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Words ending in -our

Summary 3-21

British/American English

Vocabulary:

Finish the sentences

 

Example: In the UK, you play football; in the US, you play soccer.

1. In the UK, you eat biscuits; in the US, you eat ______.

2. In the UK, you buy a return ticket; in the US, you buy a _________.

3. In the UK, you take a lift; in the US, you take an __________.

4. In the UK, you go to the cinema; in the US, you go to the __________.

5. In the UK, you wear trousers; in the US, you wear __________.

6. In the UK, you go on holiday; in the US, you go on _________.

7. In the UK, you wait in a queue; in the US, you wait in a ________.

8. In the UK, the third season is autumn; in the US, the third season is _________.

9. In the UK, you wear a jumper; in the US, you wear a ___________.

10. In the UK, you eat sweets; in the US, you eat ___________.

11. In the UK, you live in a flat; in the US, you live in an _________.

12. In the UK, you eat chips; in the US, you eat ________.

13. In the UK, you eat crisps; in the US, you eat ________.

14. In the UK, you throw away rubbish; in the US, you throw away _____.

 

Compare the British and American dialogues

American British
1. A Do you have the time? B Yeah, it's five of four. A Did you say five after? B No, five of four.   2 A What are you gonna do on the weekend? B The usual stuff. Play soccer with the kids, and sweep the yard.   3 A Did you enjoy the game? B Yeah, it was great, but we had to stand in line for half an hour to get tickets.   4 A Did you have a good vacation? B Yeah, real good. A How long were you away? B Five days in all. Monday thru Friday.   5 A Can you mail this letter and package for me? B Sure thing. A And can you stop by the liquor store and buy a six-pack of Michelob and some potato chips? B Is that all?   6 A Did you see The Birds on cable last night? B Sure, even though I've seen it two times before. A My third time. Isn't it just an awesome movie? B Sure is. One of my favorites.   7 A Did they bring the check yet? B Yeah. They just did. But I can't read a thing. It's lighted so badly in here.   8 A Do we need to stop for gas? B Yeah, why not? I need to use the restroom anyway 1 A Have you got the time? B Yeah, it's five to four. A Did you say five past? B No, five to four.   2 A What are you going to do at the weekend? 8 The usual. Play football with my kids, and do a bit of gardening.   3 A Did you enjoy the match? B Yeah, it was great, but we had to queue for half an hour to get tickets.   4 A Did you have a good holiday? B Yeah, really good. A How long were you away? B Five days altogether. From Monday to Friday.   5 A Can you post this letter and parcel for me? B Of course. A And can you call at the off-licence and buy a six-pack of Stella and some crisps? B Is that all?   6 A Did you watch The Birds on telly last night? B I did, even though I've seen it twice before. A My third time. Isn't it just a terrific film? B It certainly is. One of my favourites.   7 A Have they brought the bill yet? B Yeah, they just have. But I can't read a thing. The lighting is so bad in here.   8 A Do we need to stop for petrol? B Yes, why not. I need to go to the loo anyway.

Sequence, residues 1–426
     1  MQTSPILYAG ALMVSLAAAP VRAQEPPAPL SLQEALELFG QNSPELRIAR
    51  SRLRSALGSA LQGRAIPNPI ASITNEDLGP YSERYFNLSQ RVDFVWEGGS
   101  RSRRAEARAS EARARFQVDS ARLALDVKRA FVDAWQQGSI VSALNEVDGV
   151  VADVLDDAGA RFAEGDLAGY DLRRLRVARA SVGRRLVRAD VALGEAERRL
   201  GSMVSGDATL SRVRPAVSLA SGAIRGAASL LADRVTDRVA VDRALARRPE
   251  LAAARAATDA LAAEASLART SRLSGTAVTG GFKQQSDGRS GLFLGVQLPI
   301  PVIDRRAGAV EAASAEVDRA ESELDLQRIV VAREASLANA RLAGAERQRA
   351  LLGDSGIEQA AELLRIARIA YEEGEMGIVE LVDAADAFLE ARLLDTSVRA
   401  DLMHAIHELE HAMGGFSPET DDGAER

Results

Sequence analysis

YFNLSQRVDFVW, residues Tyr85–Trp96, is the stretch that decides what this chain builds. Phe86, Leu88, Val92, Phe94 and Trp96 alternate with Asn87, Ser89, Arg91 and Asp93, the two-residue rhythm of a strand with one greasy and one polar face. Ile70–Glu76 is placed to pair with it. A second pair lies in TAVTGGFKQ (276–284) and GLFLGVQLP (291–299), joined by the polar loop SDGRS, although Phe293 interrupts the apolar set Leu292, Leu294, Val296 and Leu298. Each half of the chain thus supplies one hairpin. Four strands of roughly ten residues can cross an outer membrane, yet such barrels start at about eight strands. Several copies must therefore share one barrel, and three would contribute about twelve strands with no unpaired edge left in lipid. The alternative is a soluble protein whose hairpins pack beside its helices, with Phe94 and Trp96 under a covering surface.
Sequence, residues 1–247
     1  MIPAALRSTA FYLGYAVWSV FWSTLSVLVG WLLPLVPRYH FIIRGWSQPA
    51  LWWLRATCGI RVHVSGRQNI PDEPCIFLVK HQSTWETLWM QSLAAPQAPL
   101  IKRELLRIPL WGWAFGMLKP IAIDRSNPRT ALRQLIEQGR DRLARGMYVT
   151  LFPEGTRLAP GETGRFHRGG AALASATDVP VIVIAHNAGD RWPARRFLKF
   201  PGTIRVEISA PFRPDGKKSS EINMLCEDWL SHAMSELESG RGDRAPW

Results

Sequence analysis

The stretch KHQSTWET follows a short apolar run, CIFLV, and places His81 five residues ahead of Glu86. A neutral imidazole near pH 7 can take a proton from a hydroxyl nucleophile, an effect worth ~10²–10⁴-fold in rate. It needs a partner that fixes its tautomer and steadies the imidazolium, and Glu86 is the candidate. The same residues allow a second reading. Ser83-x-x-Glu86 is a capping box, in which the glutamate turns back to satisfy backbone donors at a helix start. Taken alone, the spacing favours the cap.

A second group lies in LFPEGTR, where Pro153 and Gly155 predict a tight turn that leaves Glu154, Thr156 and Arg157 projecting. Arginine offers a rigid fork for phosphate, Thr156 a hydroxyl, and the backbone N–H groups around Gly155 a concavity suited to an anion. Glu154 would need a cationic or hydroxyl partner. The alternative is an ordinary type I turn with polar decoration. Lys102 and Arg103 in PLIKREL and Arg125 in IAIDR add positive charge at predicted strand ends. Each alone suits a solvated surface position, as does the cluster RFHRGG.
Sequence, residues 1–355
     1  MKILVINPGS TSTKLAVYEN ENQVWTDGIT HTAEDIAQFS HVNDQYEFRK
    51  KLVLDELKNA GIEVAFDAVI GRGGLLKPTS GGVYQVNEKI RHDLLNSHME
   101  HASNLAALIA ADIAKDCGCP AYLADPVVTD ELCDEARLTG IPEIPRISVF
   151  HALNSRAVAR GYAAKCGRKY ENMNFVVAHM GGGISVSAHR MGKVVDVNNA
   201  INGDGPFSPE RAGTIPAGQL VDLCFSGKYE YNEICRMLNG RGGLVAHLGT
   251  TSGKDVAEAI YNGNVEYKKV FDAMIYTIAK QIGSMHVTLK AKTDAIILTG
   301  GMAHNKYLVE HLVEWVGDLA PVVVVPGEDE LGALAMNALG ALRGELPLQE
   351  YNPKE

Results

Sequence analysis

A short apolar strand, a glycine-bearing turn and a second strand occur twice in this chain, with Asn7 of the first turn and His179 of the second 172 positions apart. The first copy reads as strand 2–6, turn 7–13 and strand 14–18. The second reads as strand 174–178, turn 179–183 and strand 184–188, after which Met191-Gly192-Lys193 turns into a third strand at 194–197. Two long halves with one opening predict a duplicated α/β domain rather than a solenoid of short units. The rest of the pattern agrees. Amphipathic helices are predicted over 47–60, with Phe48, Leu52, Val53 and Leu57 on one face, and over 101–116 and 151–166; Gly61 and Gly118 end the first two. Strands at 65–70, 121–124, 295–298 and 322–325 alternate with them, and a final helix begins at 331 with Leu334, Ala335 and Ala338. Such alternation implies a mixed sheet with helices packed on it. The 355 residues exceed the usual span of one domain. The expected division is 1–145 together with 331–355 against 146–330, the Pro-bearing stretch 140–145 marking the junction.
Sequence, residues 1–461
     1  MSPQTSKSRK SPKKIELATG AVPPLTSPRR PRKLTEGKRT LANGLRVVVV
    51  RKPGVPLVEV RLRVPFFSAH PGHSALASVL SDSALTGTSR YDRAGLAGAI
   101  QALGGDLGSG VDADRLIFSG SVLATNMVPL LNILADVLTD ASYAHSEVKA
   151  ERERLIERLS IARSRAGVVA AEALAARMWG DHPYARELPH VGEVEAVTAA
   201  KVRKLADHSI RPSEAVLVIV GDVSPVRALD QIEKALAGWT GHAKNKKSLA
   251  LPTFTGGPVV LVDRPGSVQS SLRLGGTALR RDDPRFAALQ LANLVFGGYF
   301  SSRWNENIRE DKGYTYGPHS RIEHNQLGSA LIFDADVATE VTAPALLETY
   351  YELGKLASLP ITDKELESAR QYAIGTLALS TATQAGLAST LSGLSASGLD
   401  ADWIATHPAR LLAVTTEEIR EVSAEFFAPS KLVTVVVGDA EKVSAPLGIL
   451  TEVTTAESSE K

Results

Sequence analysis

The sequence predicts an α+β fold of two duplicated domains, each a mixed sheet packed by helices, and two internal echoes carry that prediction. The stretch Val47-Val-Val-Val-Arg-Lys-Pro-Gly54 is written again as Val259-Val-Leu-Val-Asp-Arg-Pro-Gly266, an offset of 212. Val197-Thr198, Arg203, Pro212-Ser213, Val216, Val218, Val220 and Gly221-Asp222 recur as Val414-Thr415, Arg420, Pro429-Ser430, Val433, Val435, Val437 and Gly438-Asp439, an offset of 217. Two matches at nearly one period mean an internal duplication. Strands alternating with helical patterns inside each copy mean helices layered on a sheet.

BRITISH VS AMERICAN ENGLISH

There are a few grammatical differences between British English and American English:

AMERICAN
The present perfect is more common: I've lost my key. Have you seen it? (or I lost my key. Did you see it?)   The present perfect is more common with just,alreadyand yet. I'm not hungry. I've just had lunch. (or I just had lunch.) He's already left. Have you finished work yet? The past simpleis more common: I lost my key. Did you see it? (or I've lost my key. Have you seen it?)   The past simple is more common with just,alreadyand yet. I'm not hungry. I just had lunch. (or I've just had lunch.) He already Left. Did you finish work yet?
  British speakers usually say: have a bath, have a shower have a break, have a holiday   American speakers say: take a bath, take a shower take a break, take a vacation
at the weekend/at weekends: Will you be here at the weekend?   on the weekend/on weekends: Will you be here on the weekend?
at university/school She studied chemistry at university. in university/school She studied French in high school.
write to smb. I promised to write to her every day.   write smb. I promised to write her every day.  
atthe front/atthe back (of a group etc.) Let's sit at the front (of the cinema). inthe front/inthe back (of a group etc.): Let's sit in the front (of the movie theater).
Nouns like government/team/familyetc. can have a singular or plural verb: The team is/are playing well. These nouns normally take a singular verb in American English: The team is playing well.
Some verbs (burn, spelletc.) can be regular or irregular (burned/burnt, spelled/speltetc.)
 
 


V3 of getisgot:

Your English has got much better.

(= has become much better)

Verbs are often regular (burned, spelledetc.)     V3 of getisgotten: Your English has gotten much better.

 

1. Words ending in –re

British English words that end in -re often end in -er in American English:

British US British US
centre center litre liter
fibre fiber theatre theater or theatre

 

Words ending in -our

British English words ending in -our usually end in -or in American English:

British US British US
colour color labour labor
flavour flavor neighbour neighbor
humour humor    

 


Date: 2015-12-24; view: 89


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